TN counties making it easier to get photo ID
CHATTANOOGA (WRCB) -- Hamilton County is now one of 30 in Tennessee, to issue a photo identification, free of charge, to registered voters. This, after an elderly Chattanooga woman was turned away.
At 96 years old, Dorothy Cooper was denied a photo ID because the name on her birth certificate did not match her married name,which was listed on two other forms of ID, and she couldn't find her marriage license from decades ago to prove her name had changed.
But getting a photo ID just got easier and not just for Cooper. Hamilton County along with 29 other counties in the state are taking steps to make the transition go smoothly.
As for Dorothy Cooper's incident, the state made it very clear that it handled it the wrong way.
Department of Safety and Homeland Security Commissioner Bill Gibbons says, "I do think that incident should have been handled differently that it was. Mrs. Cooper did not have the correct documentation to show there had been a name change due to marriage, but again, our employees need to use some common sense here."
In light of Cooper's incident that has attracted national attention, Gibbons made a special visit to Hamilton County, announcing not just fault but a few changes.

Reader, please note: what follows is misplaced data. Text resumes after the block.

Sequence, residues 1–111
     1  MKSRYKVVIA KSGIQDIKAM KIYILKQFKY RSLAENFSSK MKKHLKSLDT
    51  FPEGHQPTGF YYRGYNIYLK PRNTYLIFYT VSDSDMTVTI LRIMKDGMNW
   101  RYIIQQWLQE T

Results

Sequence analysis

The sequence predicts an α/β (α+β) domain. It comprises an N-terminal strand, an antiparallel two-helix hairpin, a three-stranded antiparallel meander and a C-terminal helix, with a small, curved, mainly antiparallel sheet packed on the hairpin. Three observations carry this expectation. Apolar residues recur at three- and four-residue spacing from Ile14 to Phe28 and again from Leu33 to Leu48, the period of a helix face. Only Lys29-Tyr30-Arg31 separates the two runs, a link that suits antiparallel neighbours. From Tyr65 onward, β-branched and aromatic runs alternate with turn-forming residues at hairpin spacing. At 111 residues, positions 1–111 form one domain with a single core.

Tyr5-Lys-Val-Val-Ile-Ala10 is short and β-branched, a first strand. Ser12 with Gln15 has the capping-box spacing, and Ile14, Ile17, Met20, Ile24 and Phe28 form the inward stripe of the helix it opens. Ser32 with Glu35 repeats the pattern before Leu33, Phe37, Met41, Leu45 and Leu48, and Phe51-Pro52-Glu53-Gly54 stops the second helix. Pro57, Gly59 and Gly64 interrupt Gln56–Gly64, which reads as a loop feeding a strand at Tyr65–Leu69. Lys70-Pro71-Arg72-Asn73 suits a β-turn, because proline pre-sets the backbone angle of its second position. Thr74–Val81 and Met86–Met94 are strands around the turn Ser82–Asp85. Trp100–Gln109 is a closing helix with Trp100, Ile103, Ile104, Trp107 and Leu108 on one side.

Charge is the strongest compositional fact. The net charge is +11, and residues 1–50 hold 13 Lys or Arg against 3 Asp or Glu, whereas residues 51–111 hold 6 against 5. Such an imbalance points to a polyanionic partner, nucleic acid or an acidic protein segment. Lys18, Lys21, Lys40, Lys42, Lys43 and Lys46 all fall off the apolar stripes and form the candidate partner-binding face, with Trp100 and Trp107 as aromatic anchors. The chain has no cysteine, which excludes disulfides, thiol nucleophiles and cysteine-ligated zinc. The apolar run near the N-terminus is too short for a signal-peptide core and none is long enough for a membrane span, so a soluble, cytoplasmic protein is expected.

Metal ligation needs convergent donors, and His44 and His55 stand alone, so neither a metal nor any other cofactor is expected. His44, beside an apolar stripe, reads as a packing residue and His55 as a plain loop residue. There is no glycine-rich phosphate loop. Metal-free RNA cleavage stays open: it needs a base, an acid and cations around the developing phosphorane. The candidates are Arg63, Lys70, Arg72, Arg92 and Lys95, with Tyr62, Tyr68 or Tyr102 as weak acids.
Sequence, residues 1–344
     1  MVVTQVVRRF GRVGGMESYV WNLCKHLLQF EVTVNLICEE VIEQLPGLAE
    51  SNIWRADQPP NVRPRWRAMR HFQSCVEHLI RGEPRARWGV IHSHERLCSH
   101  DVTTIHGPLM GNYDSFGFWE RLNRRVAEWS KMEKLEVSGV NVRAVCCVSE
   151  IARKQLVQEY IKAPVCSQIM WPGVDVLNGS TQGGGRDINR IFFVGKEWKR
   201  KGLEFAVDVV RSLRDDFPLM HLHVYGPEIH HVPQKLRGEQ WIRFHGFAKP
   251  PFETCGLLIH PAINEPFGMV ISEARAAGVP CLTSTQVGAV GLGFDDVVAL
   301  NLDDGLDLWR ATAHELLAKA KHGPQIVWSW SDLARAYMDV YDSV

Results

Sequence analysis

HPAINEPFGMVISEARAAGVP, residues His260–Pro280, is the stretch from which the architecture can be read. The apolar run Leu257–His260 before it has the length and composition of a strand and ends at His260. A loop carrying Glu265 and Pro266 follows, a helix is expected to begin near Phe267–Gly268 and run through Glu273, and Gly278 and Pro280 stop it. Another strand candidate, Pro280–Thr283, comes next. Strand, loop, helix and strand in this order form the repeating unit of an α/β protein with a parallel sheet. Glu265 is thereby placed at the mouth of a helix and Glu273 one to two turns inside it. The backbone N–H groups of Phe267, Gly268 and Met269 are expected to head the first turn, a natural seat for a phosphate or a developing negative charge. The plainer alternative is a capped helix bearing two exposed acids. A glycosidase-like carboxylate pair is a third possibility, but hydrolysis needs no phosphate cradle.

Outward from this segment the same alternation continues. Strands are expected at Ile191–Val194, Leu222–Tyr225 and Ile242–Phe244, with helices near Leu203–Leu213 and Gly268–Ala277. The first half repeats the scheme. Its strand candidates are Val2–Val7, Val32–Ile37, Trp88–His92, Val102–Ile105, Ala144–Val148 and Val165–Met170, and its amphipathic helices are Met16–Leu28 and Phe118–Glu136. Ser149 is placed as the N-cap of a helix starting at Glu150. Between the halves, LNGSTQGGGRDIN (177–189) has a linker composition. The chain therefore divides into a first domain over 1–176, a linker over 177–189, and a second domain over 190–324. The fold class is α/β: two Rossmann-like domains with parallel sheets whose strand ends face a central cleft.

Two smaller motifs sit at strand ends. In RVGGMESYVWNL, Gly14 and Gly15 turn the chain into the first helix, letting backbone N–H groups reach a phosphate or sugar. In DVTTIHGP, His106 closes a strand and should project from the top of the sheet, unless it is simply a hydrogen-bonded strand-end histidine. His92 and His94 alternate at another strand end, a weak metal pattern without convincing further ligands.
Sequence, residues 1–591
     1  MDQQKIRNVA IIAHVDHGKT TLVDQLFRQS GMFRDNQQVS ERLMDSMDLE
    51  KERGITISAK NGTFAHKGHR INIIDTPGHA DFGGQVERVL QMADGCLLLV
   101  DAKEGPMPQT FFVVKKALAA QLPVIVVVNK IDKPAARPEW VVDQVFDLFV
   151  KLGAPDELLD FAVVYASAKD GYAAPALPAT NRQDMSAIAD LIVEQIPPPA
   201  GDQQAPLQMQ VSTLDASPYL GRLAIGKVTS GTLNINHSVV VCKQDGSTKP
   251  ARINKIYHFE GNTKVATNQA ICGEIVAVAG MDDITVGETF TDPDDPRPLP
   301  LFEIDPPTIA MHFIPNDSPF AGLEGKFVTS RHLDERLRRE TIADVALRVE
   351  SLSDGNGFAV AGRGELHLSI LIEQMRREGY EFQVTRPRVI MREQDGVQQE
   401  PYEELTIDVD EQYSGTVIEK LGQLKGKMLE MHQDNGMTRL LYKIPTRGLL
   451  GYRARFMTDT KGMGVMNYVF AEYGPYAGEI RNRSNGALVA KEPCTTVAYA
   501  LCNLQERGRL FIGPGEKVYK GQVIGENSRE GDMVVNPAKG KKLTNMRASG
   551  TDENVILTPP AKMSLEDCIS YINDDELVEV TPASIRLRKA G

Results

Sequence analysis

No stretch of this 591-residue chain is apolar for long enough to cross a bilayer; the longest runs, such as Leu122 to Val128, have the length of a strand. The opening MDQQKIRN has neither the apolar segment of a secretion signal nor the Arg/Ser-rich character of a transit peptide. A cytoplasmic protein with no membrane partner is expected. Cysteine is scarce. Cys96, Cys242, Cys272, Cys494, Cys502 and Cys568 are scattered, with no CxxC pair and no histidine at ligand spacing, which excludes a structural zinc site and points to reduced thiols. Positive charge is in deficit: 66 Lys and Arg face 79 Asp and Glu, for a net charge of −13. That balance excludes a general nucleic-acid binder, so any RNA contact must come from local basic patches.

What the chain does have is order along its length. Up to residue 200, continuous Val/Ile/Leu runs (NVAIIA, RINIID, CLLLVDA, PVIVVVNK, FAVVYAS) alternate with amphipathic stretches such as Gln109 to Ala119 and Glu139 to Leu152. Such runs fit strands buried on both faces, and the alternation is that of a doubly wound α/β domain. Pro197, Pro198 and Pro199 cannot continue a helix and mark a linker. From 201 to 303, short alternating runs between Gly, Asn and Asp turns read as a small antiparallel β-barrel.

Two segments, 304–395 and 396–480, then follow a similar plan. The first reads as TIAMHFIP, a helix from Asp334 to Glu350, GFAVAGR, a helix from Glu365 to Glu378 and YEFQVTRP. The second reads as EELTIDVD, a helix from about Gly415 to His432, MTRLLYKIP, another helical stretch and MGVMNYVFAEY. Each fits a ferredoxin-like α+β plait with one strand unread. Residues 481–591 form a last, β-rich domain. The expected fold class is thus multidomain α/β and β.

"We want to do what we can to make sure voters get the identification through our department If they need it," says Gibbons.
Thirty counties statewide including Hamilton, Bradley, Sequatchie, and McMinn will now offer a free upgrade of a non-photo license to a photo license. That can be done at the County Clerks Office.
They're also opening the Driver Service Centers in Hamilton and Bradley County on the first Saturday of each month from November through March.
If those without photo ID's want to vote they must visit one of those locations.
"Well it sort of irritates me, I've gone all these years without a photo, and now I need one so I can vote," says Hamilton County resident Ray Speck.
It's estimated 126,000 Tennesseans do not have photo ID driver licenses. Hamilton County accounts for roughly 7,000. Citizens like Speck say he's only changing his ID to keep his right to vote.
Speck says,"That's it. Period. I've got to have a picture ID so I can vote, and it's very important to vote."